playMaker

Author Topic: Get Component  (Read 9056 times)

Talon

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Get Component
« on: April 11, 2011, 12:53:29 AM »
Well I've tried figuring this one out. I'm trying to get a value from a java script variable and just can't get it working in a custom action. On my last project I used get component a lot of the time. 1.1 even has a "has component" action, why not a get component action?
For me this is the biggest thing Play Maker is lacking. I really enjoy everything else about this package, I just wish it interfaced with external scripts easier.
I'm not very good with C# so maybe I'm missing something. Anyway here's what I have so far, I tried hacking apart the Has Component action... Unity isn't liking looking for the variable name.



using UnityEngine;
using System.Collections;

namespace HutongGames.PlayMaker.Actions
{
   [ActionCategory(ActionCategory.GameLogic)]
   [Tooltip("Gets the amount of money the player has from the logic script.")]
   public class GetMoney : FsmStateAction
   {
      [RequiredField]
      public FsmOwnerDefault gameObject;
      public FsmFloat floatStore;
      public bool everyFrame;

      Component aComponent;

      public override void Reset()
      {
         aComponent = null;
         gameObject = null;
         floatStore = null;
         everyFrame = false;
      }

      public override void OnEnter()
      {
         DoHasComponent(gameObject.OwnerOption == OwnerDefaultOption.UseOwner ? Owner : gameObject.GameObject.Value);
         if (!everyFrame)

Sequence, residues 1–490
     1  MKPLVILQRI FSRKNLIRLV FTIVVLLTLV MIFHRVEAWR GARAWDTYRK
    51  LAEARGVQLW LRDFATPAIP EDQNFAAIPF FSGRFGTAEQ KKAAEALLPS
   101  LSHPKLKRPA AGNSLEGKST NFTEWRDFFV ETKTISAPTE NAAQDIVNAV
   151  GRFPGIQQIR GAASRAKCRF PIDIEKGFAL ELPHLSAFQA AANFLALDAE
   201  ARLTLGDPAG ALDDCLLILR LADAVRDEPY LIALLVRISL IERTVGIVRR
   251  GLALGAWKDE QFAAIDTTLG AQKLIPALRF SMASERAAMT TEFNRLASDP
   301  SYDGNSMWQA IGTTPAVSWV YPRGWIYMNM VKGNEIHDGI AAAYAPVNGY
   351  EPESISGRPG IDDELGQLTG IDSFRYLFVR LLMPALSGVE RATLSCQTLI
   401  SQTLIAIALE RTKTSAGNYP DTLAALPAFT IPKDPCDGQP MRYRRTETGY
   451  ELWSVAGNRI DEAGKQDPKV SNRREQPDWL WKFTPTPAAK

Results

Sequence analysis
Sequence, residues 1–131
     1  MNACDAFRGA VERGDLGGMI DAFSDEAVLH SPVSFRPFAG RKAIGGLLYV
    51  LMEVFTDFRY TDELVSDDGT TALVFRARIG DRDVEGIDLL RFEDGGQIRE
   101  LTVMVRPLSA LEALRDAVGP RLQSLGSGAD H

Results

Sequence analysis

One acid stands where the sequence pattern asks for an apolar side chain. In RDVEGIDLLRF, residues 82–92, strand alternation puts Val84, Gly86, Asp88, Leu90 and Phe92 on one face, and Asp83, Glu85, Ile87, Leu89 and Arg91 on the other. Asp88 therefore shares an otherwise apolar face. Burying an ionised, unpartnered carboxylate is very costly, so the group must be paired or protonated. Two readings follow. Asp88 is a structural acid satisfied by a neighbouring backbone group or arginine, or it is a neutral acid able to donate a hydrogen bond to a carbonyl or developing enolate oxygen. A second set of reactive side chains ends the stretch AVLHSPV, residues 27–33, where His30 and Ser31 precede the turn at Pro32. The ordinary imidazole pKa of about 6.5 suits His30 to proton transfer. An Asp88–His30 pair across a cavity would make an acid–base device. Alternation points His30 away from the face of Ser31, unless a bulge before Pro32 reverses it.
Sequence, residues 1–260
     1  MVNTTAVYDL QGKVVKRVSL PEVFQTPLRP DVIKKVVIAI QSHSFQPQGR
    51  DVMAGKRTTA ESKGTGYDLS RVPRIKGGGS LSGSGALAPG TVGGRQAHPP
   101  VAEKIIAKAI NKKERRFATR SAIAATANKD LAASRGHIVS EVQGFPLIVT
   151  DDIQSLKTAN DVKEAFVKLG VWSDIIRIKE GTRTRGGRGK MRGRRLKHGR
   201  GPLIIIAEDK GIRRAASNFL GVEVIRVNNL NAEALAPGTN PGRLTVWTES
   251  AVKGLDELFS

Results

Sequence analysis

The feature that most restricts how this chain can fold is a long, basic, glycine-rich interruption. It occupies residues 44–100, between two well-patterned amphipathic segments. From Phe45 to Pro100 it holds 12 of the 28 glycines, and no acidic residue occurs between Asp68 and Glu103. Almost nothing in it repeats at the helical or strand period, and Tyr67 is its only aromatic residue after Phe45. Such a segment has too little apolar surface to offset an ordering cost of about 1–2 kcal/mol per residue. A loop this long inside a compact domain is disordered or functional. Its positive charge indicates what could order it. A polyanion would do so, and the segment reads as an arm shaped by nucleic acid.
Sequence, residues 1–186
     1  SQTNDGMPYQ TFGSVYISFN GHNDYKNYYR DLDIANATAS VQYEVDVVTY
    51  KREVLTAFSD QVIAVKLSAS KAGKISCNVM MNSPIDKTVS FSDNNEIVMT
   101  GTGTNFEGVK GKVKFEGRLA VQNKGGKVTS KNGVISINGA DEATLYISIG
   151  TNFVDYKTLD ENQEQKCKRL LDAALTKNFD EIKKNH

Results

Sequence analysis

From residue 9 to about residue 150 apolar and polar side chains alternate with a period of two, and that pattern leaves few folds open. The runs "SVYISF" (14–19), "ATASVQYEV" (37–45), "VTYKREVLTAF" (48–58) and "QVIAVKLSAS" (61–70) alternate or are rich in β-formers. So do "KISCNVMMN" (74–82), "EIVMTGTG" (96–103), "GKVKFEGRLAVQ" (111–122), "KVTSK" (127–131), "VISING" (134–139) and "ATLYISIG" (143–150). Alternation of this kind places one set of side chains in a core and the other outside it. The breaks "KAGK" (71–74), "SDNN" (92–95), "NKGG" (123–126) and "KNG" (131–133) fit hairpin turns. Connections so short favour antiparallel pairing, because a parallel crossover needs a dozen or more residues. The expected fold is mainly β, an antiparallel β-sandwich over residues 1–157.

Finish();
      }
      
      public override void OnUpdate()
      {
         DoHasComponent(gameObject.OwnerOption == OwnerDefaultOption.UseOwner ? Owner : gameObject.GameObject.Value);
      }

      public override void OnExit()
      {

      }

      void DoHasComponent(GameObject go)
      {
         floatStore = go.GetComponent("Logic").money;
      }
   }
}

jeanfabre

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Re: Get Component
« Reply #1 on: April 11, 2011, 03:31:13 AM »
Hi,

 I have the same feeling about how playmaker interfaces with scripts. I have too much boiler plate code and composition to build for my liking, tho I can live with it since I found a solution that I like :)

 My approach when trying to solve exactly what you are willing to do is to create special functions within my existing script that accepts a fsm variable as parameter, and modify the parameter instead of simply sending the value via return

 So it works like that:

in your script build/override a function so that it receives a fsm variable ( don't forget to add "using HutongGames.PlayMaker;" at the top of your script) :

Code: [Select]
void GetMoney(FsmFloat outFloat){
   outFloat.Value = money;
}// GetMoney

in fsm, simply use the "sendMessage" action and select your fsm variable to pass as a parameter to the message. And there you have your money value transferred from a script to a fsm variable in one step without custom action.

I totally avoid making a custom action for each and every information I want to pass from existing script to fsm, that's a lot of work for nothing I feel, and it doesn't scale at all. Each time something new come out, you'll need to write yet a gain a custom action, that will be difficult to access amongst so many unrelated actions.

Now, there is another approach using eventsData I think. I haven't yet tested it fully, when I do I will edit this post, cause I think it's better because basically, script can send an event to playmaker and pass data with that event, which is very good practice. So instead of querying when needed the money value, it's when the money value changes that the script sends an event to the fsm with eventsData, so that in the fsm, you simply catch that event in a state and get the EventsData which is the money value.

 Either way, I don't see yet a way to access script from fsm as we normally do with script-script access, so either way, with my current humble knowledge of things, your scripts needs to adapt and accommodate the playmaker factor or you need to write custom actions which is a lot of work.
 
 I might over thinking and over complicating it and maybe there is a much much easier/nicer solution to this problem we have :)

 Bye,

 Jean



MaDDoX